3 Unions Representing About 9,000 Rutgers University Faculty And Staff To Begin Historic Strike Over Contract Negotiations


Praca, Oferty Pracy

3 unions representing about 9,000 Rutgers University faculty and staff to begin historic strike over contract negotiations

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Three unions representing about 9,000 Rutgers University faculty and staff will go on strike Monday morning after nearly a year of stalled contract negotiations, marking the first faculty strike in the university’s nearly 257-year history, according to the unions.

Union members are picketing at three of Rutgers’ main campuses in New Brunswick, Newark and Camden, New Jersey, to demand higher wages, better job security for part-time faculty and guaranteed funding for graduate students, among other demands, union officials said in a joint release.

“Those closest to our teaching and the university’s mission of teaching, research and service deserve more than just survival and sustenance,” Rutgers graduate student Michelle O’Malley said during a virtual town hall on Sunday night.


Three unions Rutgers AAUP-AFT, which represents tenured faculty, graduate students, postdoctoral researchers, and consultants; V Rutgers Union of Additional Faculties, representing part-time faculty; And AAUP-BHSNJwhich represents faculty teaching in the medical and public institutions of the university.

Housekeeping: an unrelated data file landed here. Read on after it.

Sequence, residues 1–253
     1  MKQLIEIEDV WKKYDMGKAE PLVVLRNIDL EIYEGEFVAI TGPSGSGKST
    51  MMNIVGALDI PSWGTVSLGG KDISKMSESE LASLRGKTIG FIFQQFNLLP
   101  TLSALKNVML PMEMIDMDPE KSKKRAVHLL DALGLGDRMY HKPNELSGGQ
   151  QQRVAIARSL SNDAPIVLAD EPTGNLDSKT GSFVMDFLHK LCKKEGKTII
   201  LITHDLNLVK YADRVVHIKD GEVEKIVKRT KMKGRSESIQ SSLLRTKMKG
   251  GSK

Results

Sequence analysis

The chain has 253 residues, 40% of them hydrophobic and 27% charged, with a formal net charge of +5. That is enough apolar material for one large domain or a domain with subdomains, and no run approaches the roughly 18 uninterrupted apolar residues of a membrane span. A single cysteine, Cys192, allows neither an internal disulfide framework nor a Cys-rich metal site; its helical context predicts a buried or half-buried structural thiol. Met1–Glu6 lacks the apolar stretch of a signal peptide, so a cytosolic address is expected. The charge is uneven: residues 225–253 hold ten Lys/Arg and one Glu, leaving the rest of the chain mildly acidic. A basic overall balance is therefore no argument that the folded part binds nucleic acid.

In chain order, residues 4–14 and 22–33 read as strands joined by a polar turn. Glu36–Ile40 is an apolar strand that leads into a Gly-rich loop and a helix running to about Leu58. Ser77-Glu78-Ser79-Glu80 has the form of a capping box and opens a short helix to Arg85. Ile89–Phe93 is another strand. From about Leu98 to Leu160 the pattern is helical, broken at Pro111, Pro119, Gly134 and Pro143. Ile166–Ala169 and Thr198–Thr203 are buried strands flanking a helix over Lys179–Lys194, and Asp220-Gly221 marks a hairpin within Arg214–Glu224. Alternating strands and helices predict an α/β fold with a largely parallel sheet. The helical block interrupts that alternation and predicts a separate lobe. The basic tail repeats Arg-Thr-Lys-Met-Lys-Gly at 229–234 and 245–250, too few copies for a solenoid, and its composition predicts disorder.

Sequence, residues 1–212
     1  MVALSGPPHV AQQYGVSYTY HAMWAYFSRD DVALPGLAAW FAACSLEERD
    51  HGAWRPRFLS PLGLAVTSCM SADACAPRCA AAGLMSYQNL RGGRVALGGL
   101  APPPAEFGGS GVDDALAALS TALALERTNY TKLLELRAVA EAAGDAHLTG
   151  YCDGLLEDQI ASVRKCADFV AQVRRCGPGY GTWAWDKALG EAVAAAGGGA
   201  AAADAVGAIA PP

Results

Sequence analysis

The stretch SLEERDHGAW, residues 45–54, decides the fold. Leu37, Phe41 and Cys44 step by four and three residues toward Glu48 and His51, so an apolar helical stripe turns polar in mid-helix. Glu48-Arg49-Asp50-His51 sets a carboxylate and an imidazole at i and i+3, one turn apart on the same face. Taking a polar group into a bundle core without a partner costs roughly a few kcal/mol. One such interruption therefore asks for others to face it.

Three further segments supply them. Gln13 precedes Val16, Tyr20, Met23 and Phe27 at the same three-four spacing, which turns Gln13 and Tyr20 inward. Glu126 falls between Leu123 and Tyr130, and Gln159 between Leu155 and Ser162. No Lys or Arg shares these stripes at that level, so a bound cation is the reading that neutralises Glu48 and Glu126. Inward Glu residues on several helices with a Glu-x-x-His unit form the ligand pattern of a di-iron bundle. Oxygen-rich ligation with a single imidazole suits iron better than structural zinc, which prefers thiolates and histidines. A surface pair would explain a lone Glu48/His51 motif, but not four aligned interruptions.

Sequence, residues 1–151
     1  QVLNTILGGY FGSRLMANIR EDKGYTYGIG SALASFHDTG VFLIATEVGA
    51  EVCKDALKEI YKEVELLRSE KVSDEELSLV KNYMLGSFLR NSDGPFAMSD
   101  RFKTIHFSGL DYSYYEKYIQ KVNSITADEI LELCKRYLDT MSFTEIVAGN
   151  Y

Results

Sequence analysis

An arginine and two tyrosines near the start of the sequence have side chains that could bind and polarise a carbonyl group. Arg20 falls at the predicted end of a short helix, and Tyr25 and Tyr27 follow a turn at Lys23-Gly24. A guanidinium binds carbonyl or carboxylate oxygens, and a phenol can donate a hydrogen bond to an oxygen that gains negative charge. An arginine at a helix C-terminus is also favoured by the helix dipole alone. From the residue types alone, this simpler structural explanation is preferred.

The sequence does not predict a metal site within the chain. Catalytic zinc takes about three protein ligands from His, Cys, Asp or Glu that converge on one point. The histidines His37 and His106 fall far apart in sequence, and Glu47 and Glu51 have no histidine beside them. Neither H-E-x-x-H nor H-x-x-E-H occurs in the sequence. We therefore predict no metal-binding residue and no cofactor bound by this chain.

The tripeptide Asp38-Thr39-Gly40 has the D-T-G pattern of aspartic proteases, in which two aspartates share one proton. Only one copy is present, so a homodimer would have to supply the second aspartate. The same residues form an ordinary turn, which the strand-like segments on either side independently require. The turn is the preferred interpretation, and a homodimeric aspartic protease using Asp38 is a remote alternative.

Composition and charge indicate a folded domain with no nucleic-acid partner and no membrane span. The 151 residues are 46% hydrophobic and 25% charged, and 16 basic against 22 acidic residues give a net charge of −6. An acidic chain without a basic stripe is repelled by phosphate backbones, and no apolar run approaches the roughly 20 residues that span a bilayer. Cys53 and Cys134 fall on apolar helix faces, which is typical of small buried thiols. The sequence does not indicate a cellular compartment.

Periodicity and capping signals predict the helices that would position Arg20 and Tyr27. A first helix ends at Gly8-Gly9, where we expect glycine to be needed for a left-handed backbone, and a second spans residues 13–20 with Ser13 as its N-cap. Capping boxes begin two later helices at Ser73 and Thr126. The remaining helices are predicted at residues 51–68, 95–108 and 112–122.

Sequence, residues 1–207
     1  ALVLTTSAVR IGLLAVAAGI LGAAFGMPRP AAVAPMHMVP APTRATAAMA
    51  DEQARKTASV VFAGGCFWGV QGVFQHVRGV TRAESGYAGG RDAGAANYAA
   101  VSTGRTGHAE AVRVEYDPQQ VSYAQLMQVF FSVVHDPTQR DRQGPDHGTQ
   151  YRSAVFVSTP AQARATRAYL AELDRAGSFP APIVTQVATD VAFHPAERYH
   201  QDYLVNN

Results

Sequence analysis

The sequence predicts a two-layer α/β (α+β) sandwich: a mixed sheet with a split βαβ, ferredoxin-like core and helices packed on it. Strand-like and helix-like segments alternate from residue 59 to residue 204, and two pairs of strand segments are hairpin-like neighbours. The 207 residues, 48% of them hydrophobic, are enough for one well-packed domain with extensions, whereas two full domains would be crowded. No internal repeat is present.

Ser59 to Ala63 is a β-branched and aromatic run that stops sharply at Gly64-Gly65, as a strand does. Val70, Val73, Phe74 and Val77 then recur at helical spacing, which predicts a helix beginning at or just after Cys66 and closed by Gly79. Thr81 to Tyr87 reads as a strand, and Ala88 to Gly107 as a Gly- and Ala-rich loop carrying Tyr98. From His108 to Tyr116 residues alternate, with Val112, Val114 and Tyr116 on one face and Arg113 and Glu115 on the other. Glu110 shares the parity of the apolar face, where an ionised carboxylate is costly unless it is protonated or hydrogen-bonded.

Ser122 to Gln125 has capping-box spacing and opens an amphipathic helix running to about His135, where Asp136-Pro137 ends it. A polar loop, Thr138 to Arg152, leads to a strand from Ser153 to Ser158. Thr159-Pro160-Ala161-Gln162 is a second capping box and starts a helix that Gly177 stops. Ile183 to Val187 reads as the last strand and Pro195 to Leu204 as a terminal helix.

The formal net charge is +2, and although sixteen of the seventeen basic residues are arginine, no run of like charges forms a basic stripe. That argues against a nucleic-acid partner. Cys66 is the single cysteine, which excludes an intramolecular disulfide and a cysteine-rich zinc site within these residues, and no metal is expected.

While union leaders expect the action to halt teaching and “non-critical research,” the university insists that most classes continue. Clinicians at the university’s medical facilities “will continue to perform patient care duties and critical research while limiting voluntary work,” the unions said in a statement.

IN guidelines posted in the event of a strike, the university encouraged students to continue attending classes and completing assignments as normal.

“To say this is a profound disappointment would be an understatement,” Rutgers University president Jonathan Holloway wrote in a letter to the community. According to Holloway, the two sides agreed to appoint a mediator just two days before the strike was called.


“Over the past few weeks, negotiations have been constant and continuous,” the president said. “As I have noted, significant and significant progress has been made, and I believe that there are only a few outstanding issues. Of course, we will negotiate for as long as it takes to reach an agreement, and we will not engage in personal attacks or disinformation.”

However, union representatives insist that the university has refused to comply with their basic demands.

“After we sat at the negotiating table for 10 months trying to achieve what we think is fair and reasonable, such as fair pay, job security and access to affordable health care, and achieving almost nothing in these basic requirements, we had no choice. but vote to strike,” Amy Haiger, Rutgers lecturer and president of the Union of Adjunct Faculties, said in a statement.

She continued, “We heard management say that the strike would harm the students. But you know what actually hurts students? High staff turnover resulting from teachers being poorly paid and forced to reapply for jobs every semester.”


New Jersey Governor Phil Murphy statement pleaded with representatives of the university and union negotiating committee to meet at his office on Monday “to have a productive dialogue.”

In addition to the three groups that have gone on strike, there are nine other unions seeking new contracts with the university, the unions said in a statement.


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